It’s been 17 years since At the Drive-In released their last record, Relationship of Command, which was an album so propulsive and undeniable that (much like Refused’s The Shape of Punk to Come) it instantly pushed the entire genre of post-hardcore music forward into the new millennium. It exploded into the public’s awareness like a meteor landing Central Park.
In the Spring of 2000, I was working at the now-defunct Borders Books & Music in Erie, Pennsylvania, fresh out of college, and when the newest round of music magazines came in, At the Drive-In seemed like it was on every cover. Every musician I knew was suddenly and completely hooked. Within a few months, At the Drive-In was playing the biggest festivals in the world and whipping the audiences into such a fury that they were forced to leave the stage.
And then – just like THAT – they were gone. Disbanded. They had ridden this impossible wave of momentum until it could no longer sustain itself. Again, like Refused, they reached their logical conclusion and were left with nowhere else to go.
That split birthed two bands: Singer Cedric Bixler-Zavala and guitarist Omar Rodriguez-Lopez went off to form the grandiose-bordering-on-
I know this is a lot of background before reviewing a totally different album, but I think it’s important. Because the very first question I had when I found out there was a new At the Drive-In record was, “Why?” I mean, ultimately, who is this album hoping to reach? The most obvious answer is, “me,” and the rest of us “dudes-of-a-certain-age.” The follow-up answer would likely be, “the younger crowd, who has always wondered what all of the hype around this band was really about.”
And, I really hate to say this, but I’m afraid both groups are going to wind up disappointed.
The best way I can sum up in•ter•a•li•a is that it sounds very much like a band trying to sound like At the Drive-In. Some of the parts are there, like the jagged rhythms and unmistakable timbre of Bixler-Zavala’s voice. But the songs indistinguishably blend into each other, sharing the same tempos and overall feels. Gone are the rollercoaster dynamics. Gone are the monster choruses. Gone are the experimental tones. Gone is the feeling of NEW. There’s no excitement, and the band’s appeal was ALWAYS that energy (it certainly wasn’t the lyrics, because no one ever knew what the hell Cedric was singing about). It’s like we’re being shown a band who’s trying to relearn what it used to do so effortlessly.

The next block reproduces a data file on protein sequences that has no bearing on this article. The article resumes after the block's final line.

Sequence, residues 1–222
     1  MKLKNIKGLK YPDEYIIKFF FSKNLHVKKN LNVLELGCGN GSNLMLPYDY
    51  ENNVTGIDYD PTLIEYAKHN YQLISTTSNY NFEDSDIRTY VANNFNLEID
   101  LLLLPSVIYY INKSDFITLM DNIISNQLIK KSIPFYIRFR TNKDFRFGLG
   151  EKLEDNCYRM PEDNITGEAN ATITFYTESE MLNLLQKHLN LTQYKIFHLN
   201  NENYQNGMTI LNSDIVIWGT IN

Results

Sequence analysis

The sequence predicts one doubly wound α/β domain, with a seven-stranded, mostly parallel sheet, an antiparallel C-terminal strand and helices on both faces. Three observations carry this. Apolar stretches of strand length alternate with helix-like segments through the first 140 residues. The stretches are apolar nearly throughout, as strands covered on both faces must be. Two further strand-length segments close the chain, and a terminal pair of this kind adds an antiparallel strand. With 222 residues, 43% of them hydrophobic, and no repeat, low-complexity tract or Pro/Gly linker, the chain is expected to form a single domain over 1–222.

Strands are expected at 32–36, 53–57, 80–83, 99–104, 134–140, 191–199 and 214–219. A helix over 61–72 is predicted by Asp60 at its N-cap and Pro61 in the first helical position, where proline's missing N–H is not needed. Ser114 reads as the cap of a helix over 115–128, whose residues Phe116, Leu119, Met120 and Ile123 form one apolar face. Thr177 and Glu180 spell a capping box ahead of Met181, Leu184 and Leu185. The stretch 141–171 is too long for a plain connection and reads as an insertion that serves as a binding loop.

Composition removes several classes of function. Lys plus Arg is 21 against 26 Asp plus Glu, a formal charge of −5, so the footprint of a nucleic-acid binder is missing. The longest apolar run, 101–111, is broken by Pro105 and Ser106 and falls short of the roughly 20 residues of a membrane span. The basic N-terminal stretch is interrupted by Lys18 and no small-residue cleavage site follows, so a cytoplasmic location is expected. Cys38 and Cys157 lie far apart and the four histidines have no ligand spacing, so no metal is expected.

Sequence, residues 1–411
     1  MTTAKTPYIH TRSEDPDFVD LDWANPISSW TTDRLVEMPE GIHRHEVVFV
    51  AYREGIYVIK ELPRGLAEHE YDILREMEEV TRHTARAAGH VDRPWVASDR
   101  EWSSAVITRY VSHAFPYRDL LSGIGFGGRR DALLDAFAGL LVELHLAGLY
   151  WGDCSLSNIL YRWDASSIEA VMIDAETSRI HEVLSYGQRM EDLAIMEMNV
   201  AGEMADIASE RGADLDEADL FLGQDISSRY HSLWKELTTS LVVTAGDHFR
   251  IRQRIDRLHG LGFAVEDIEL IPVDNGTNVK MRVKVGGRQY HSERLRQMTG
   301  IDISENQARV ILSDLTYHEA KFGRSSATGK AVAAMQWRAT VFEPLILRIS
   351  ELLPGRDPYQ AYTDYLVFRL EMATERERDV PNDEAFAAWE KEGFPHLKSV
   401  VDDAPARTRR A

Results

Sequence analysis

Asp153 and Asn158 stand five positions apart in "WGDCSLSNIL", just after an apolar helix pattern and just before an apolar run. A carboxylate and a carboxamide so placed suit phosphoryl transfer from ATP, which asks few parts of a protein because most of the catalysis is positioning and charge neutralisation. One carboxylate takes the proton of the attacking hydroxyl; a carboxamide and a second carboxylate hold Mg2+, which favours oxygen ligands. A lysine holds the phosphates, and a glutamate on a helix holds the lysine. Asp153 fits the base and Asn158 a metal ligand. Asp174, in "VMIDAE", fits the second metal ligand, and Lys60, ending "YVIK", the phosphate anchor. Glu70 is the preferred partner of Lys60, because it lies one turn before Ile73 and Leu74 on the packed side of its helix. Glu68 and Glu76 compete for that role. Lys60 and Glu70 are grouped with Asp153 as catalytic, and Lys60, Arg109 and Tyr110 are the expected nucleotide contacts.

I’ve listened to this album about 10 times. I’ve walked around the city at night with it on my headphones. I’ve driven long distances with no other distractions. And every time I play it, my mind starts to wander. I just cannot keep engaged with this, even in settings where every other album I love ends up captivating me.
It was so disheartening that I ended up going back to Relationship of Command to see if maybe I had been wrong all along. But, no, even removed from nostalgia, it holds up – and still manages to sound fresh almost two decades later. If nothing else, it was great to be reminded of a record that held such a giant influence on me.
An important detail about in•ter•a•li•a is the absence of singer/guitarist Jim Ward. The alchemy of a band is very fragile, and you never really realize what someone’s contribution was until they’re not there.
What could have been if he had been involved? We’ll probably never know. We old guys probably aren’t going to be up for another round. And the younger generation won’t see what all the fuss was for to begin with.